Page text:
The Murder Room (Adam Dalgliesh Series #12)

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Overview

National Bestseller 

Murders present meet murders past in P.D. James’s latest harrowing, thought-provoking thriller.

Commander Adam Dalgliesh is already acquainted with the Dupayne--a museum dedicated to the interwar years, with a room celebrating the most notorious murders of that time--when he is called to investigate the killing of one of the family trustees. He soon discovers that the victim was...

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Overview

National Bestseller 

Murders present meet murders past in P.D. James’s latest harrowing, thought-provoking thriller.

Commander Adam Dalgliesh is already acquainted with the Dupayne--a museum dedicated to the interwar years, with a room celebrating the most notorious murders of that time--when he is called to investigate the killing of one of the family trustees. He soon discovers that the victim was seeking to close the museum against the wishes of the fellow trustees and the Dupayne's devoted staff.  Everyone, it seems, has something to gain from the crime.  When it becomes clear that the murderer has been inspired by the real-life crimes from the murder room--and is preparing to kill again--Dalgliesh knows that to solve this case he has to get into the mind of a ruthless killer.

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Editorial Reviews

From Barnes & Noble
The Barnes & Noble Review
Known for her leisurely paced, thoughtful, and well-characterized novels, P. D. James has risen to the top tier of British mystery writers; and, even after 16 books, she continues to outdo herself. This time out, she offers a cleverly restrained, engaging plot that twists around a handful of unusual, memorable suspects.

The Dupayne Museum, founded by Max Dupayne, is dedicated to the preservation of England's history between the world wars. As the museum's trustees, Max's three heirs -- Marcus, Neville, and Caroline -- debate the fate of the Dupayne. Brash psychiatrist Neville is determined to close it down, a position that is bitterly opposed by his two siblings. When Neville is found heinously murdered, Commander Adam Dalgliesh of the Special Investigation Squad is brought in to find the killer.

The "Murder Room" itself is an intriguing concept: an area of the museum where gruesome weapons and mementos from notorious homicides are displayed. Not only does the room become the setting for a crime; it also provides a resonant backdrop and metaphor for all that transpires in the book. James does a masterful job of contrasting the chilling relics of the past with the complex passions of victims and villains alike.

This is a riveting, first-rate novel so inventive and uniquely structured that it's impossible not to be completely drawn in. With a sure hand, the author slowly unveils a captivating mystery involving real flesh-and-blood characters we can identify with. The Murder Room proves once more why P. D. James remains the grande dame of the crime field. Tom Piccirilli

From the Publisher
The Murder Room is James’s most suspenseful, atmospheric novel in years and has no shortage of surprise twists.” —The New York Times Book Review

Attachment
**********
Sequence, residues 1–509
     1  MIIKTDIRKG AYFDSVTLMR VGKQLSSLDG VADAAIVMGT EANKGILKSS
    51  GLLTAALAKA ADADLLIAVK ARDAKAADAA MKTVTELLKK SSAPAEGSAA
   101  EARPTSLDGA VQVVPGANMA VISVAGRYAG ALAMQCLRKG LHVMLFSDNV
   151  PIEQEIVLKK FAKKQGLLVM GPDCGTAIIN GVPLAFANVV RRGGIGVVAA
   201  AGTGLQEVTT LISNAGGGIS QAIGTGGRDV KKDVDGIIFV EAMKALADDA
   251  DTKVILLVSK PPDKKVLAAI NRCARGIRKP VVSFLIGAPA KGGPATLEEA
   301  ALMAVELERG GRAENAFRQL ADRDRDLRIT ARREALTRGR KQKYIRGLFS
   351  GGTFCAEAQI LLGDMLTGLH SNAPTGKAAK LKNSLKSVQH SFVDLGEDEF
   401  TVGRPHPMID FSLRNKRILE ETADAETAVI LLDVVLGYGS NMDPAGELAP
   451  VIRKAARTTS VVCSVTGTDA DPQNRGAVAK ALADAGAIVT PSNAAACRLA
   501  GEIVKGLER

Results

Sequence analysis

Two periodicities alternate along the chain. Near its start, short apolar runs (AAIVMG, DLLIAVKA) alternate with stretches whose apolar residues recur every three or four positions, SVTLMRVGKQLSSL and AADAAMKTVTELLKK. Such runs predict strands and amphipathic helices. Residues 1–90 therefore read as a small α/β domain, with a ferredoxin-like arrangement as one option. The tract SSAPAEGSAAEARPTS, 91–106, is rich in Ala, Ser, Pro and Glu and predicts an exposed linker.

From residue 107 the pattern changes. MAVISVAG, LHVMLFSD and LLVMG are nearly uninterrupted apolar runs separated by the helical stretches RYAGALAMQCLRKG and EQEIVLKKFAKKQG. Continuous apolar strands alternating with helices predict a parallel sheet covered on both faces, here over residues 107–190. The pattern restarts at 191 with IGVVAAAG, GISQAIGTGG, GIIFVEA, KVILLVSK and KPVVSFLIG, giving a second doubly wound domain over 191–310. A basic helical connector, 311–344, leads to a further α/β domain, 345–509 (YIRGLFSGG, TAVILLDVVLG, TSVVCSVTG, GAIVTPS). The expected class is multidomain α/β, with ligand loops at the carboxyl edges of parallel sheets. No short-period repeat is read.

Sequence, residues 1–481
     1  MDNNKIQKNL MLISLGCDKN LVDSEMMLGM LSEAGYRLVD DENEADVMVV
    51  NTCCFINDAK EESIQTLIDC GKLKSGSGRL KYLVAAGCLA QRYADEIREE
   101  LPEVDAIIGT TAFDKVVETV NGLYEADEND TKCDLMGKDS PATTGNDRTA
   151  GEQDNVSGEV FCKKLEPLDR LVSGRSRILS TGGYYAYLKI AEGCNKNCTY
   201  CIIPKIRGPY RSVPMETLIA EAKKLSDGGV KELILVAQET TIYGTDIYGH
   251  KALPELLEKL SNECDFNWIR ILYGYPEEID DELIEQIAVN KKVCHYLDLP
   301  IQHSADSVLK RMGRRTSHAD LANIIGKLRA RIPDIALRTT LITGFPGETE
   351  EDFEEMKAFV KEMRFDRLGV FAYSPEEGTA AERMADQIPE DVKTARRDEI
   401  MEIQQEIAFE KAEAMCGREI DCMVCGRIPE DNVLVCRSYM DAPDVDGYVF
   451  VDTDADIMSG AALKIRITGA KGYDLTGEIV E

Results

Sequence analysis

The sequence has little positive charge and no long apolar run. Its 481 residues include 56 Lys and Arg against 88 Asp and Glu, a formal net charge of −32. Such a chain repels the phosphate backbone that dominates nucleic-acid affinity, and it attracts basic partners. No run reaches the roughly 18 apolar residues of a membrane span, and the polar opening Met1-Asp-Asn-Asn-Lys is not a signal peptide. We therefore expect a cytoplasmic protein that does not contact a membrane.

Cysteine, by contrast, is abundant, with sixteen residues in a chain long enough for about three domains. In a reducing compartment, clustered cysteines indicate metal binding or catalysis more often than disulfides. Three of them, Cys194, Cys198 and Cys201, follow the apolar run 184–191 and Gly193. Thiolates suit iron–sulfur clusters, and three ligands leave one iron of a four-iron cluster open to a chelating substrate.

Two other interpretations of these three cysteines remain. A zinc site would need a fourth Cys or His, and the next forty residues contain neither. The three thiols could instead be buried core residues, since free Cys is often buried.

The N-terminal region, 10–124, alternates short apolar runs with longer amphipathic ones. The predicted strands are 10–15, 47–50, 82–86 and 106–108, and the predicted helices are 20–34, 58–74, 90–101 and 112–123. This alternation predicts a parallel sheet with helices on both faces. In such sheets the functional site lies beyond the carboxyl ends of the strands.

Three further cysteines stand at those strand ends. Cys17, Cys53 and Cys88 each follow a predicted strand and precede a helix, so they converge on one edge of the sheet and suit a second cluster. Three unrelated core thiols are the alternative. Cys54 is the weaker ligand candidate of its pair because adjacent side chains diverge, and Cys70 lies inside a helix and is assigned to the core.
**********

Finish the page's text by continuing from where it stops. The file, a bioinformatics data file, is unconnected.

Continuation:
“Another elegant tale of murder, mystery, human misery and the wonder of loveÉ. James explores the lowest of depravity . . . with the most elegant prose.” —USA Today

“Riveting . . . exquisite, absorbing. . . . The Murder Room possesses everything we desire, no, long for, from James.” —The Miami Herald

"Elegantly constructed, beautifully written . . . [The Murder Room] is cause for rejoicing. . . . [It] is that much-sought-after but rare combination of reading that both transports the reader to another world and engages the imagination." —St. Louis Post-Dispatch

“Difficult—and delightful—as it is to believe, P. D. James keeps getting better. . . . The Murder Room might be the best mystery novel of 2003. . . . This is a book to savor . . . with writing so felicitous the reader doesn't want it to end.” —Indianapolis Star

“Riveting. . . . The Murder Room possesses everything we desire from James. . . . [Her] lovely, clear prose travels at a stately pace, never cluttered by random violence or unnecessary characters, taking us where we need to be with assurance, intelligence and grace. No word or action is wasted; everyone and everything matters.” —The Chicago Tribune

“Ms. James skill is impressively displayed.” —The New York Times

“P.D. James is surely one of the best living writers of English. [The Murder Room]’s typical James–wonderful English settings, fine writing, psychological depth.” —Rocky Mountain News

“Any ranking of today’s best crime writers would surely put Britain’s P.D. James at or near the top. This subtly told, character-driven novel, which emphasizes people over plot, provides, as usual, a richly-rewarding reading experience.” —The San Diego Union-Tribune

“Immensely satisfying, with James introducing her large cast and its secrets with consummate skill.” —The Washington Post

“Carefully crafted . . . [with] richly portrayed characters. . . . P. D. James can still spin an intricate web of psychological suspense that demands the reader's attention and involvement. . . . James tells this tale in lucid language, with a wry eye on people and their faults.” —San Antonio Express-News

“Elegant . . . smooth storytelling. . . . The culprit remains convincingly elusive until the end.” —Houston Chronicle

“A perfectly cozy read for a cold, foggy night when you feel like curling up with a cup of tea.” —Entertainment Weekly

“Sophisticated literary entertainment. . . . Masterful detailing of people and place. . . . Acute psychological portraits. . . . [A] carefully crafted tale.” —The Orlando Sentinel